Tesla Motors makes electric-powered cars. The US-based company, which is run by billionaire Elon Musk, hopes to boost production tenfold to 500,000 vehicles by 2018. Such is the optimism surrounding environment-friendly electric cars that many say that in 20 years the majority of cars on the road will be powered by electricity.
The rise of electric-powered cars still faces some hurdles though. A key constraint is the lack of infrastructure that is needed to support such vehicles. Electric cars need a network of charging stations to enable more mainstream take-up, but this will take time and investment to achieve. While demand is growing, electric and hybrid car sales are still barely 1% of the most important auto markets.
Despite such difficulties, electric cars are likely to be a feature of the 21st century. Investors might gain in many ways.
Rather than invest in a car maker such as Tesla, investors may want to focus on the broader supply chain; in particular, the power-providing components – the batteries, which are typically rechargeable lithium batteries.
But when it comes to investing in battery producers, it is difficult to see viable investment opportunities that give good exposure to the electric-car theme. A major challenge is finding suppliers with sufficient exposure to this area instead of consumer-focused batteries. Although some pure-play battery producers have emerged as start-ups, their track record is not auspicious.
Given the evident high risk of pure-play battery producers, an alternative may be to invest in the components and materials of electric-car batteries. It is the cathode component that arguably holds most promise with considerable embedded intellectual property being showcased by different suppliers.
However, there is a lot of competition between cathode material producers. This is problematic but a bigger concern is uncertainty about which particular technology will win out.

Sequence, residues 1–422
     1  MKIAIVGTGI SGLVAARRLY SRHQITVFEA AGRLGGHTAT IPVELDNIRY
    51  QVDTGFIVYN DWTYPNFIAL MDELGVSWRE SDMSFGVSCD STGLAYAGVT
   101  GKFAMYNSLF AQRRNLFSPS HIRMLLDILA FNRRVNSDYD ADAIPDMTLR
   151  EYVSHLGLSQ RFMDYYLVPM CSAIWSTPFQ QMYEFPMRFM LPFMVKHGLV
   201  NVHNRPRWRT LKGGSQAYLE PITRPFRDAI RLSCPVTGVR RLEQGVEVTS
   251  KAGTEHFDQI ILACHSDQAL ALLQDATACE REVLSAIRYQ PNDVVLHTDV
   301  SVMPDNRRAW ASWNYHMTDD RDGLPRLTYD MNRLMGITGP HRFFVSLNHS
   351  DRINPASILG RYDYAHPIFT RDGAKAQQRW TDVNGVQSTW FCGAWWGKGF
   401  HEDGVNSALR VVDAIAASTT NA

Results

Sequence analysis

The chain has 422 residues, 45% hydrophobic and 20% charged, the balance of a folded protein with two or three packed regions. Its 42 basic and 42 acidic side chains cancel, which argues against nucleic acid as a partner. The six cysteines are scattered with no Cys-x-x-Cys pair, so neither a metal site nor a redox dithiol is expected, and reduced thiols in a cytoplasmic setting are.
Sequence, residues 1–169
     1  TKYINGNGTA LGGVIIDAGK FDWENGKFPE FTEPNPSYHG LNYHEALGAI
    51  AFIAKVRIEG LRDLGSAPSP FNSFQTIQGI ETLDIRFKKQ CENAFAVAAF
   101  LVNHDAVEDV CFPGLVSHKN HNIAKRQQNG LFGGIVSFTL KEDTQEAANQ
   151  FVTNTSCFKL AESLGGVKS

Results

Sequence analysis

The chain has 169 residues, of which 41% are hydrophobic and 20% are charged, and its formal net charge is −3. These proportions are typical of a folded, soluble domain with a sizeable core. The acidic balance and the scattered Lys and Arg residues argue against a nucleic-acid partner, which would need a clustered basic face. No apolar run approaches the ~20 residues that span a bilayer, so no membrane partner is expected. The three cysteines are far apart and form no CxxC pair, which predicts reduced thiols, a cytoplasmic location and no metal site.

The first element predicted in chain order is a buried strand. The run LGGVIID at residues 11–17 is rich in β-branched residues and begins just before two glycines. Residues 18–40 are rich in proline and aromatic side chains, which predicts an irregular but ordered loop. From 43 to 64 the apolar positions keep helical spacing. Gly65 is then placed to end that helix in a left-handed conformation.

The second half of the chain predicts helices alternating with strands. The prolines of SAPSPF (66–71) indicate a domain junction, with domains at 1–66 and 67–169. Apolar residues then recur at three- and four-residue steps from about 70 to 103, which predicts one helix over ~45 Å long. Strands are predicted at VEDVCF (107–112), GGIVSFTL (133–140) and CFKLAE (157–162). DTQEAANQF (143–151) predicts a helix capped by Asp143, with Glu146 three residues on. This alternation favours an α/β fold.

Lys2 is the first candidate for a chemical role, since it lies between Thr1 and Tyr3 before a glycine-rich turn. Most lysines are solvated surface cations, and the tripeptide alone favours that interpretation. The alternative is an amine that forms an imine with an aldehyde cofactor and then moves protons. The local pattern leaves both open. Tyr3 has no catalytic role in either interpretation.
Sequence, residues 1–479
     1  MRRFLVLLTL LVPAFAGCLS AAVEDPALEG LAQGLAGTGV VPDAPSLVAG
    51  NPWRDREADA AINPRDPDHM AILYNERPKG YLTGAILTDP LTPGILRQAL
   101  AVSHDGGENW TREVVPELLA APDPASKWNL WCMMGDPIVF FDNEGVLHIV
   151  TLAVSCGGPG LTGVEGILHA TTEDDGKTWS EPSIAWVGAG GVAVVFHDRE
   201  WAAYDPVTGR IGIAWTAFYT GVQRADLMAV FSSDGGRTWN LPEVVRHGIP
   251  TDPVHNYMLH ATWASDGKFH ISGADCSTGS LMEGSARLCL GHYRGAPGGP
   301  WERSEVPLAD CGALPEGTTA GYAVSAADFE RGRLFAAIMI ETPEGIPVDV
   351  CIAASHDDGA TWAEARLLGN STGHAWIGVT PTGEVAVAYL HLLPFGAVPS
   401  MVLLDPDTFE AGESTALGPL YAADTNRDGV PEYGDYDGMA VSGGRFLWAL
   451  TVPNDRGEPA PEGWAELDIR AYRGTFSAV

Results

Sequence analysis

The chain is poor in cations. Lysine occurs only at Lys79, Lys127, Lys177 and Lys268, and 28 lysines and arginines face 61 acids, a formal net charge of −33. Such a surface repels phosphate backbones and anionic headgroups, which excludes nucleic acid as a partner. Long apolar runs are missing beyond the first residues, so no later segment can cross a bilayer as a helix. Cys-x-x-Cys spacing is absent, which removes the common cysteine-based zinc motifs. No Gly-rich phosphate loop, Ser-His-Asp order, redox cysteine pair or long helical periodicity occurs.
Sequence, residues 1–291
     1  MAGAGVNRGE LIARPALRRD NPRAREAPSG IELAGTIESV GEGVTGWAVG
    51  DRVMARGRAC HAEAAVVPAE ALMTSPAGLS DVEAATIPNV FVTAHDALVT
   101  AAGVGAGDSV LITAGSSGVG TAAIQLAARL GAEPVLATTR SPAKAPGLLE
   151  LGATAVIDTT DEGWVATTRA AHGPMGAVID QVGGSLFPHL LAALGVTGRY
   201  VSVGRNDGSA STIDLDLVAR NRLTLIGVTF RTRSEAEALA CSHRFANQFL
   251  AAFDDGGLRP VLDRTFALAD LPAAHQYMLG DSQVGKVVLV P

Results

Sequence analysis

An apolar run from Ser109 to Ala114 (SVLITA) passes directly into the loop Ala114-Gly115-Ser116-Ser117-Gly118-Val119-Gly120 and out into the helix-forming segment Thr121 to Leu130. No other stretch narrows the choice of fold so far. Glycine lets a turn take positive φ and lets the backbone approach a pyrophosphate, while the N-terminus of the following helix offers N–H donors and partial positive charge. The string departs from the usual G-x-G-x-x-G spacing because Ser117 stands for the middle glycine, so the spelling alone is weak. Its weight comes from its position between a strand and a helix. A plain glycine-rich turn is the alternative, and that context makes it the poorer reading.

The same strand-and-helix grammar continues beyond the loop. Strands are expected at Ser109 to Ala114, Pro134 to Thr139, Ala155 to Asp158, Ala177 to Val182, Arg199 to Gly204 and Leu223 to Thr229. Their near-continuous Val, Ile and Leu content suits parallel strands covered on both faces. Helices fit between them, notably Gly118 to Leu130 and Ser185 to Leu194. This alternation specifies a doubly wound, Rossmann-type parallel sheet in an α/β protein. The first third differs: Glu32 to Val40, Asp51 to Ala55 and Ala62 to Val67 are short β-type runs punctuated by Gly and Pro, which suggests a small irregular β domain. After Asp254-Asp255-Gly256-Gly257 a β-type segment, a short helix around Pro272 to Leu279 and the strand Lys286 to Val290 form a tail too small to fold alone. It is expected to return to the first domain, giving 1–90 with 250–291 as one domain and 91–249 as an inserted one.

It could well be that, in this battle, micro-hybrid or 48-volt batteries are the first big beneficiaries from the drive for low cost-to-emission technologies. The way these batteries work is by delivering a mild degree of electrification to existing internal-combustion-engine powertrains. This so-called low-voltage hybridisation is like a simplified version of existing hybrid technology (as seen in models like Toyota’s Prius) that enables engines to be downsized and fuel efficiency to be increased by 15% to 20%.
Most importantly, this can easily be achieved as an add-on to new vehicles at a cost of less than US$1,000 per vehicle using existing production lines, suppliers and infrastructure. At a small fraction of the cost of hybrid or electric vehicles, and with the potential to allow car companies to meet their environmental requirements over the next five to 10 years, 48-volt technology is the emissions-driven innovation angle that appears promising.
From a wider perspective, among the likely beneficiaries of the broader drive to focus on non-electric powertrain technologies will be those incumbent car companies with the greatest capacity to invest in new developments.
As Tesla’s cars disrupt the global automobile industry, investors have much to consider.